Ketone Bodies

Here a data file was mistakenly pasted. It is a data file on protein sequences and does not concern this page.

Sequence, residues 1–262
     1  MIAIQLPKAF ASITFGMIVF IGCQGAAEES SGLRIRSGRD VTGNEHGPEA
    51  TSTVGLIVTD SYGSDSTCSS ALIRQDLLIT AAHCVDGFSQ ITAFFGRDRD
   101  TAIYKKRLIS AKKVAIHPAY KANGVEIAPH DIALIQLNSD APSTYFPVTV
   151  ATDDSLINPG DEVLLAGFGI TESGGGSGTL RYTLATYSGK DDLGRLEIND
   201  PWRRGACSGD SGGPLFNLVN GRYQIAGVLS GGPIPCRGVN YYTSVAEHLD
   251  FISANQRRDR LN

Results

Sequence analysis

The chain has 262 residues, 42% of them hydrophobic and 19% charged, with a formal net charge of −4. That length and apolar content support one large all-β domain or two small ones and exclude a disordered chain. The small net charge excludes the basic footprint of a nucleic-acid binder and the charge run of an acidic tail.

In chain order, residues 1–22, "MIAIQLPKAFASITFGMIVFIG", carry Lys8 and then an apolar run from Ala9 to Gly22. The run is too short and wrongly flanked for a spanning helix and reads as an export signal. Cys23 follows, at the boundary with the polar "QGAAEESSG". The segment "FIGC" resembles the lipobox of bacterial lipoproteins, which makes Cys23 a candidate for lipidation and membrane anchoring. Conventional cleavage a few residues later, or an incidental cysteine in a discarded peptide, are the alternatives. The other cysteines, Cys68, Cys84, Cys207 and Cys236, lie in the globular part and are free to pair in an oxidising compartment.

Also found in: Dictionary, Thesaurus, Legal, Financial, Encyclopedia, Wikipedia. Related to ketone bodies: ketosis ketone [ke´tōn] any compound containing the carbonyl group, C=O, and having hydrocarbon groups attached to the carbonyl carbon, i.e., the carbonyl group is within a chain of carbon atoms. ketone bodies the substances acetone, acetoacetic acid, and β-hydroxybutyric acid; except for acetone (which may arise spontaneously from acetoacetic acid), they are normal metabolic products of lipid and pyruvate within the liver, and are oxidized by muscles. Excessive production leads to urinary excretion of these bodies, as in diabetes mellitus; see also ketosis. Called also acetone bodies. Miller-Keane Encyclopedia and Dictionary of Medicine, Nursing, and Allied Health, Seventh Edition. © 2003 by Saunders, an imprint of Elsevier, Inc. All rights reserved. ketone bodies two products of lipid pyruvate metabolism, beta-hydroxybutyric acid and aminoacetic acid, from which acetone may arise spontaneously. Ketone bodies are produced from acetyl-CoA in the liver and are oxidized by the muscles. Excessive production leads to their excretion in urine, as in diabetes mellitus. Also called acetone bodies. Ketones, Blood and Urine Synonym/acronym: Ketone bodies, acetoacetate, acetone. Common use To investigate diabetes as the cause of ketoacidosis and monitor therapeutic interventions. Specimen Serum (1 mL) collected from gold-, red-, or red/gray-top tube. Urine (5 mL), random or timed specimen, collected in a clean plastic collection container. Normal findings (Method: Colorimetric nitroprusside reaction) Negative. Description Ketone bodies refer to the three intermediate products of metabolism: acetone, acetoacetic acid, and β-hydroxybutyrate. Even though β-hydroxybutyrate Continue reading >>